14 November 2020 - 10:45 am
In the document (COV0220) entitled “Compulsory vaccination for Covid-19 and human rights law” and dated 22/07/2020, they (the academics) base their case on two key principles based on “parity arguments”. There is the “lockdown parity argument”, and the “mental health parity argument”. For the first, they summarise the position as this:
It is arguable that if ‘lockdown’ restrictions are compatible with human rights law, so too is compulsory vaccination. Current public health law rules out medical treatment, including vaccination, but permits extensive restrictions on personal activity, such as free movement and association. The law privileges the interest in bodily integrity over other liberties. The lockdown parity argument asks for a justification for treating bodily integrity as distinctively important relative to these other interests.Page 7 – https://committees.parliament.uk/writtenevidence/9253/pdf/
For the second they summarise as follows:
The law permits compulsory interference with bodily integrity under mental health law. This derogation from the common law principle of no treatment without consent is compatible with the ECHR. It is arguable that if compulsory treatment under mental health law is compatible with human rights law, so too is compulsory vaccination. Importantly, the same protected interest—that in bodily integrity—is at stake in the two contexts the mental health parity argument compares.Page 8 – https://committees.parliament.uk/writtenevidence/9253/pdf/
The ECHR referred to is the European Convention on Human Rights, which are domestically enforceable in the UK under the Human Rights Act 1998. Those are the rights they are seeking to circumvent in this document. To attempt to do that they are leveraging the Mental Health Act 1983, the Public Health (Control of Disease) Act 1984 and the Coronavirus Act 2020.
There are also citations like the article by Jeff King on the UK Constitutional Law website claiming that the lockdown is lawful based on his reading of the PHA 1984 Act. This article is not especially well argued and makes the (possibly deliberate) mistake of claiming that the reference to “a person” and “groups of persons” somehow means “all persons” which it clearly does not. This fallacious article is used as supporting evidence for the case put forward in the compulsory vaccination argument.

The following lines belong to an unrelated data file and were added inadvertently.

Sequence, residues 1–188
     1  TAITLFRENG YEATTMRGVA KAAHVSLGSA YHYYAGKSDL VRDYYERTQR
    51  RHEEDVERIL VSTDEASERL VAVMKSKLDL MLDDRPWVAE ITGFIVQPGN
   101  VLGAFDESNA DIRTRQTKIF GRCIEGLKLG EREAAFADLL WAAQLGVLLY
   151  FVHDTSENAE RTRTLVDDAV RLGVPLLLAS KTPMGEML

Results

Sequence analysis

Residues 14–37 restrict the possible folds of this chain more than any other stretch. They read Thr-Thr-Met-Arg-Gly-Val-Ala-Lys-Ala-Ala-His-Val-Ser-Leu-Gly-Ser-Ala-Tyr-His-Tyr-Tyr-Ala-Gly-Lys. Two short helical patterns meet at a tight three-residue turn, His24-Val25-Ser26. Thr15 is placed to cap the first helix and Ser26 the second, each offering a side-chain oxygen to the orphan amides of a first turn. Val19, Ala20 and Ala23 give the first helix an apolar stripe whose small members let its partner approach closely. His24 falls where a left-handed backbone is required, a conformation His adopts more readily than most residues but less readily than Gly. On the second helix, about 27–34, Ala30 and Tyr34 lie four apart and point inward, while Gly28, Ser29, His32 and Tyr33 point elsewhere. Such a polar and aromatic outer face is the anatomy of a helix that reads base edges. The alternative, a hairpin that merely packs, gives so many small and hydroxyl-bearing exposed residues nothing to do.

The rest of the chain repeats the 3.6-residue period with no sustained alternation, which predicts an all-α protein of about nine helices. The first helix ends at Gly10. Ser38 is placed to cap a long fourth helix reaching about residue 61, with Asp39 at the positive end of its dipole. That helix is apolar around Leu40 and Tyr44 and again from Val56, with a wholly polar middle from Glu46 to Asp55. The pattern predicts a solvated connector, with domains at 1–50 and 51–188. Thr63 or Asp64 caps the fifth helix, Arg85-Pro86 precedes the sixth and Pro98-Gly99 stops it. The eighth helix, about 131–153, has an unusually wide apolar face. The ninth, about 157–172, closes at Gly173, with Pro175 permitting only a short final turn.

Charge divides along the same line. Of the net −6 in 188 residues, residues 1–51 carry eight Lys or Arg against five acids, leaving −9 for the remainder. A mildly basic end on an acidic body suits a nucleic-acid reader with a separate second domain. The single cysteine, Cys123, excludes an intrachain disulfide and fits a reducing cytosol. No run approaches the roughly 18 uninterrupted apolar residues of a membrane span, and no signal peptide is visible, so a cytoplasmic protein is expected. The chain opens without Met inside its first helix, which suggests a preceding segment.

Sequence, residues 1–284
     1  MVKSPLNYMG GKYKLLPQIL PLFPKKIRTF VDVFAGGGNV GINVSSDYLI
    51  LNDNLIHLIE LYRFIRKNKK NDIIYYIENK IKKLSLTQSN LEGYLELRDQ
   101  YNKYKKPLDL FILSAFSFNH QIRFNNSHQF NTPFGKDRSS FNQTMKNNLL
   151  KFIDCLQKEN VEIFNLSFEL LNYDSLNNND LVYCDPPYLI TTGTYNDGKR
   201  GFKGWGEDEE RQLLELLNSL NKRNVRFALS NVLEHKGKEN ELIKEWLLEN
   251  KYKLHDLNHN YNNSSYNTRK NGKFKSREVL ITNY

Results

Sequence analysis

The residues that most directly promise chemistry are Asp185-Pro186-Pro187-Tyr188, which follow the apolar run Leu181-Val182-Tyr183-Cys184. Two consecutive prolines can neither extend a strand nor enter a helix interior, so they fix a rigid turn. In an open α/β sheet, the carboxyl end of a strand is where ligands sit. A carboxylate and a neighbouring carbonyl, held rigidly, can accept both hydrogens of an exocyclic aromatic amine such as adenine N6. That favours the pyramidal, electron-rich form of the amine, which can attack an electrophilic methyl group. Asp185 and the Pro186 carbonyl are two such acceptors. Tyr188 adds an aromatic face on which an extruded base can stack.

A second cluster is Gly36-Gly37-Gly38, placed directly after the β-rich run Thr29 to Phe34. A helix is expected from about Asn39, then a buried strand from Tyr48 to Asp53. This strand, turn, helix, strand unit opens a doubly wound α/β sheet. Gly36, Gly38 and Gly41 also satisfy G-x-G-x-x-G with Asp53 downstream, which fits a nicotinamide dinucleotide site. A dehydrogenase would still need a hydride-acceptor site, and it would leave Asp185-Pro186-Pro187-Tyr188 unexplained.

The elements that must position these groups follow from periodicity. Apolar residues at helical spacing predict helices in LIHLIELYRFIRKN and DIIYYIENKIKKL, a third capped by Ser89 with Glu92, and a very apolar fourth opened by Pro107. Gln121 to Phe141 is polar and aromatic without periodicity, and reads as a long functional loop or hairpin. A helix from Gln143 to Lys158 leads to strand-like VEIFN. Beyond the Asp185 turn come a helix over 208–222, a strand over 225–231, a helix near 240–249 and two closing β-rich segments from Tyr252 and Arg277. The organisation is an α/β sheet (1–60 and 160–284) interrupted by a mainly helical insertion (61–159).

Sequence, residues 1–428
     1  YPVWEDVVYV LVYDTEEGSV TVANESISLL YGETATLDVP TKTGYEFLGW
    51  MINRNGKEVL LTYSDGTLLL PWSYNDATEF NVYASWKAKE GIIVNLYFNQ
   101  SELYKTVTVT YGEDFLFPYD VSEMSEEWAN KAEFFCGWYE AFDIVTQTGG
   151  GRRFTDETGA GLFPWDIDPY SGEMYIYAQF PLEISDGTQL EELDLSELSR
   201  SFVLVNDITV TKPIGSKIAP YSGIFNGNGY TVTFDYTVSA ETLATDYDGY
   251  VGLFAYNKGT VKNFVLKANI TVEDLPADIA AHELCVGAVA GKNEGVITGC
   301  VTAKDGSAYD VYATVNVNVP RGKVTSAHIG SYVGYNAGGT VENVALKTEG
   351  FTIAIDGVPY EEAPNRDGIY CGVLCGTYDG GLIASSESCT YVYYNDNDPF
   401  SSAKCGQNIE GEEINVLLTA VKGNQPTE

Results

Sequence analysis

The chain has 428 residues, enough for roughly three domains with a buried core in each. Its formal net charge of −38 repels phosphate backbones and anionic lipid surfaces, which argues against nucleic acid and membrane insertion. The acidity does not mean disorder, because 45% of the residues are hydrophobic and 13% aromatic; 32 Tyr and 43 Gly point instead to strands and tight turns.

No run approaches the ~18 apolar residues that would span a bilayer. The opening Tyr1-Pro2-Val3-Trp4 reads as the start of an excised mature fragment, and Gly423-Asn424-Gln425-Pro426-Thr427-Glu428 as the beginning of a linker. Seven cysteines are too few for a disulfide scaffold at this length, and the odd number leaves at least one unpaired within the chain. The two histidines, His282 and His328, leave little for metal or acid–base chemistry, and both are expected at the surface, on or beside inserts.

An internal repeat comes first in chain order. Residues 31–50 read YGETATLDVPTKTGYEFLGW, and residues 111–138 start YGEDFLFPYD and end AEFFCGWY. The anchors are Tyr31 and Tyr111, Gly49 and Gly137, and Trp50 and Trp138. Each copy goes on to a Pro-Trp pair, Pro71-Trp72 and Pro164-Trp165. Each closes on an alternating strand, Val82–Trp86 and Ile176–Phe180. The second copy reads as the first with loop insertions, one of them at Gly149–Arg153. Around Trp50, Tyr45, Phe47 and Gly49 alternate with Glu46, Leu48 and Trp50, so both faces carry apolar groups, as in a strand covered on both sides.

The argument they present essentially boils down to the following:
- The lockdown is legal and doesn’t break any human rights laws as the lockdown is justified by means of the claim that it’s the Government’s duty to protect, and the virus presents a greater infringement of humans rights than the measures taken to combat it, i.e. lockdowns. Therefore compulsory vaccination can use the exact same justification to sidestep the human rights laws.
- It is legal to force medication/treatment on the mentally ill, including injecting things into the body without their consent. Therefore compulsory vaccination can use the same justification to sidestep human rights laws.
It does take some mental gymnastics, deliberately vague wording of the Acts cited, and a certain type of person to make this argument, but never let it be said that Governments aren’t resourceful in finding the very kinds of people you need for this type of thing. Still it does help when you can extort the very people you’re going to abuse to pay for the best loophole finders money can buy and when you run out of that money just invent it out of thin air.
Interestingly the document (COV0220) does acknowledge the following:
The legal regime for treatment without consent under the Mental Health Act 1983 derogates from the common law requirement that individuals (who are so able) must give consent in order for medical treatment to be lawful.Page 4 – https://committees.parliament.uk/writtenevidence/9253/pdf/
The reference to the partial suppression (derogation) of “common law” is noteworthy, and while these matters are complex and there are many claims about the Magna Carta, the Bill of Rights, Common Law as opposed to statutes, legislation and so on, it would appear that there are some underlying Laws that cannot be simply overridden by Parliament, regardless of whether they call it law, legislation, an Act of Parliament or whatever.
Of course, clear and concise information on things like that is hard to find, but it does seem worth researching.